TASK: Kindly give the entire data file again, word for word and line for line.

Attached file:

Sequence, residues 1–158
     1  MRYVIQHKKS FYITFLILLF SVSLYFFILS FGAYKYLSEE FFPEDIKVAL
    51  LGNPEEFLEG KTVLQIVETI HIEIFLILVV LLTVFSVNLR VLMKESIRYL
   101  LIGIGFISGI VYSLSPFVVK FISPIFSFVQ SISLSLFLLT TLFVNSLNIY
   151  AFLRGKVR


Sequence, residues 1–158
     1  MRYVIQHKKS FYITFLILLF SVSLYFFILS FGAYKYLSEE FFPEDIKVAL
    51  LGNPEEFLEG KTVLQIVETI HIEIFLILVV LLTVFSVNLR VLMKESIRYL
   101  LIGIGFISGI VYSLSPFVVK FISPIFSFVQ SISLSLFLLT TLFVNSLNIY
   151  AFLRGKVR